Oh I promise, cis men aren’t the only ones throwing their hats into the ring either.

    March 31, 2015
    |Reply
    • Lululala
      Lululala

      Well cis and straight women also don’t have the best record when it comes to queer men, no don’t they? ( and they are certainly more numerous and politically powerful) but its good you are going after the real villains: gay and trans men!

      April 15, 2015
      |Reply
  12. Jon
    Jon

    I am curious at where you think the line is between characters expressing offensive veiws (which may be culutrally normative to some degree or other) and the writer/show enodrsing such things. This is particularly with regards to number 6 but 12 and 23 also come under this.

    March 31, 2015
    |Reply
    • JennyTrout
      JennyTrout

      Well, considering that the characters’ views are written by the writers, I don’t think there really is a line. A lot of people have defended Xander by saying, “But teen boys really act that way!” but…this is a show about vampires. We can somehow take it as written that a teen girl could be a vampire slayer, but not that a teen boy could be mature and take responsibility for his own behavior.

      That’s not to say that this show is “endorsing” any of these things, but reinforcing cultural tropes that, in the rosy glow of hindsight, fans (like me) don’t remember being present in the show.

      March 31, 2015
      |Reply
      • Jon
        Jon

        I can’t say I noticed these tropes either (but I wouldn’t). I am told though that a fantasy breaks if it demands the viewer/reader accept to many changes from reality.

        How do you go about writing characters who hold problematic views and live in problematic cultures in a way that doesn’t reinforce the problematic tropes?

        April 1, 2015
        |Reply
  13. Bryn
    Bryn

    Oz finding out he’s a werewolf is my favorite moment of the series. Not only because of Seth Green’s delivery of “Oh. How long has that been going on?” But because the moment is just something that happens. We don’t need a mini-arc where we hunt down the werewolf who bit Oz, or to make it this big angsty moment where he contemplates his lost humanity. He just learns this new fact about himself and accepts it, and I only wish I could be as Zen as he is in that moment.

    Also, without getting too spoilery, Oz was my favorite character, and my favorite Buffy relationship was him and Willow. I am still unreasonably pissed about how it all goes down at the end, and I will never forgive the writers for it.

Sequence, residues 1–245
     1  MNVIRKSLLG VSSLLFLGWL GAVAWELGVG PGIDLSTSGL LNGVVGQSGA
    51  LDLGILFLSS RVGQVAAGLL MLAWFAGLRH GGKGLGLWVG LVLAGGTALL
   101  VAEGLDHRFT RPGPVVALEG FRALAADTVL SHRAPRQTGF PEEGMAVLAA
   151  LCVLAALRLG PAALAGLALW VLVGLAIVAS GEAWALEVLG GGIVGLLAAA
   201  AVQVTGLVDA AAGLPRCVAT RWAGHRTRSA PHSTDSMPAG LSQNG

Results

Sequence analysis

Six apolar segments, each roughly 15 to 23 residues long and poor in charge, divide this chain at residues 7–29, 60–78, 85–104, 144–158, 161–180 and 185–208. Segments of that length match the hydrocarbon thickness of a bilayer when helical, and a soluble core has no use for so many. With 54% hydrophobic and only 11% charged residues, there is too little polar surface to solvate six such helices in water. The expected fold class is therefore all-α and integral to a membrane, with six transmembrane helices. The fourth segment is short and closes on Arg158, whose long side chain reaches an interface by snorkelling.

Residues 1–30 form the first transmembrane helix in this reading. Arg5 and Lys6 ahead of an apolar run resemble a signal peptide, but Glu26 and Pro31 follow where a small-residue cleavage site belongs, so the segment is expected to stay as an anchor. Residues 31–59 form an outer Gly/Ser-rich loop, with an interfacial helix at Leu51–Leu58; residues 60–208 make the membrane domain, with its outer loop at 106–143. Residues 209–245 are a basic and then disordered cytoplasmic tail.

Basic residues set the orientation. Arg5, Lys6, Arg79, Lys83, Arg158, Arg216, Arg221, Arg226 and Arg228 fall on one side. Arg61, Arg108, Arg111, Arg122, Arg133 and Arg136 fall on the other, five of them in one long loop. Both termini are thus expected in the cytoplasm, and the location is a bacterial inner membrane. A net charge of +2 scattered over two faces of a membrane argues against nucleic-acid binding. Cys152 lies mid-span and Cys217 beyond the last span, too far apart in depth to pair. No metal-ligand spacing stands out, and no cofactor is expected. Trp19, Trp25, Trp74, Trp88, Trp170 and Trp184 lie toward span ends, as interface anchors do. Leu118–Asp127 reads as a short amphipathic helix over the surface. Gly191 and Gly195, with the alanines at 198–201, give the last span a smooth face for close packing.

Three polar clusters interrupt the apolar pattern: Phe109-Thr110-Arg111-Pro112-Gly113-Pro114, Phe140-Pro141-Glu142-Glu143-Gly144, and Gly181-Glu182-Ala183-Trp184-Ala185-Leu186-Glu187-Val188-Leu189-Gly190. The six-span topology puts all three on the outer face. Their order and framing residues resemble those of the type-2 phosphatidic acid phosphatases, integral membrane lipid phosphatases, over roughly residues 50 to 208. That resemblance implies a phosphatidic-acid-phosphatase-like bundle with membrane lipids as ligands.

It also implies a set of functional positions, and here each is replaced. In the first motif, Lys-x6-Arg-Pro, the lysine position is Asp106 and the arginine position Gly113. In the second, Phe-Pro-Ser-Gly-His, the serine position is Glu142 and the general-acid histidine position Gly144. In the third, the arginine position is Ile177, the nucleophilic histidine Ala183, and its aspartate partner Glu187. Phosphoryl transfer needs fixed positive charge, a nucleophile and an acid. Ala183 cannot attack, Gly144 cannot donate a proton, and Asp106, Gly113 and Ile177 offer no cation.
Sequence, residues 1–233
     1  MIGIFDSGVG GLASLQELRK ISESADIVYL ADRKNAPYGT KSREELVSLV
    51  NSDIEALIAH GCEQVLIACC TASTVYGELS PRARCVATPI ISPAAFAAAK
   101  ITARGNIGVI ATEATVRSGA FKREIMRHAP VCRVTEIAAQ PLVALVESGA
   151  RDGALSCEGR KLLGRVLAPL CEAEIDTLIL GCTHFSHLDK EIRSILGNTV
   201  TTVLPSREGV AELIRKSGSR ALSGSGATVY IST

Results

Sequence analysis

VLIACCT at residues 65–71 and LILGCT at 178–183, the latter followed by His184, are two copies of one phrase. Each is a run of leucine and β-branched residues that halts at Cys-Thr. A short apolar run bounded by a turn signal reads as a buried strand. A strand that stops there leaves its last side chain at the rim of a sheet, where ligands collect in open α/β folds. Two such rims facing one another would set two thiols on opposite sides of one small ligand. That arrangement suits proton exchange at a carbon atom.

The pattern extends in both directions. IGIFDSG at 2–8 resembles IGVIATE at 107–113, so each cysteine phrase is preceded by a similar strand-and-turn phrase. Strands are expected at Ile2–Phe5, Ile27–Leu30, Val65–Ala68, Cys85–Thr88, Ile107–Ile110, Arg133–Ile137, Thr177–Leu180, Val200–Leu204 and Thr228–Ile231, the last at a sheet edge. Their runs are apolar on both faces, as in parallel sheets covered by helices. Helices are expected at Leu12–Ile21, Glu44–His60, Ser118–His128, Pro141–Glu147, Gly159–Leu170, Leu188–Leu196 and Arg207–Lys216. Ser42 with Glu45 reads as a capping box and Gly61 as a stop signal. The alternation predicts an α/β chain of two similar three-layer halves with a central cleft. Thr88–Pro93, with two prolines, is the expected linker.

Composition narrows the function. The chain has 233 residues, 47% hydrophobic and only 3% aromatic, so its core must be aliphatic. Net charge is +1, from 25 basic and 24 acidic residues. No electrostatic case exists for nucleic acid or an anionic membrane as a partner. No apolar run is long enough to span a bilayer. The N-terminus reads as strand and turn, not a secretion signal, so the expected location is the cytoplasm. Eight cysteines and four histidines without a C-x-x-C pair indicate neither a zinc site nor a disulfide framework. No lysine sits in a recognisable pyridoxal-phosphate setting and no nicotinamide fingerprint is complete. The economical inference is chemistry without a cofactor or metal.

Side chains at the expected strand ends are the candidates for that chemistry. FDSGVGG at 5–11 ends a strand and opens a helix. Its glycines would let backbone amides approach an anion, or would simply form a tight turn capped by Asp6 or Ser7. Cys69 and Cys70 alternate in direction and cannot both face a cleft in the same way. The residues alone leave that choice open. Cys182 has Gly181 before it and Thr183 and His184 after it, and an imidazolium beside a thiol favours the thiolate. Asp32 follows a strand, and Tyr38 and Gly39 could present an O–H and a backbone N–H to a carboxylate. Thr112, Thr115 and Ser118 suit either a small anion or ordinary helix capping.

March 31, 2015
    |Reply
    • I agree with all of this, but especially that last part.

      That was a moment of super crappy writing in this series. It didn’t make sense at all.

      March 31, 2015
      |Reply
    • Candy Apple
      Candy Apple

      Bryn wrote: I am still unreasonably pissed about how it all goes down at the end, and I will never forgive the writers for it.

      Seth Green asked to leave the show. The writers, fellow actors and crew were all broken up about it when it happened. They didn’t write him out on purpose. They mention how heartbroken they were on one of the episode commentaries on the DVD.

      March 31, 2015
      |Reply
      • Alison
        Alison

        I’m not mad that he left, I’m mad at how he treated Willow.

        March 31, 2015
        |Reply
  14. Alias Wuint&Jessel, Sea of Azof, Bly, UK
    Alias Wuint&Jessel, Sea of Azof, Bly, UK

    + Renee, + Kim. Xander never outed Larry, plus Larry remained popular and on the team, which was nice, and made Graduation pt. 2 sad in one of many ways. I will again take up for Xander a bit–I think he was the “average” character, not enlightened, not super-sensitive or aware, who becomes more so (except that wedding thing, which still irritates the hell out of me). I mean, it’s pretty obvious in whichever later season that he and Spike got it on at least once.

    Willow’s telling Buffy to tone it down in gym class was one of those pretend-you-have-a-secret-identity thing (which, at Prom, we realize the school knew, I mean, duh). But that’s what I get from it. Buffy also got the pretend-you’re-a-regular-girl in the Swim Team ep, I think, from Jonathan (angrily). I’d say high school is THE time when the sexes are shoved into genderized roles the hardest, and the writers used those memories to define how different Buffy was (physically) and how even she bought into what being a “girl” is supposed to be. Larry pretending to be super-annoying macho dude goes along with that. I agree about the picking up of the books–some of the most sexist guys I’ve met have been gay.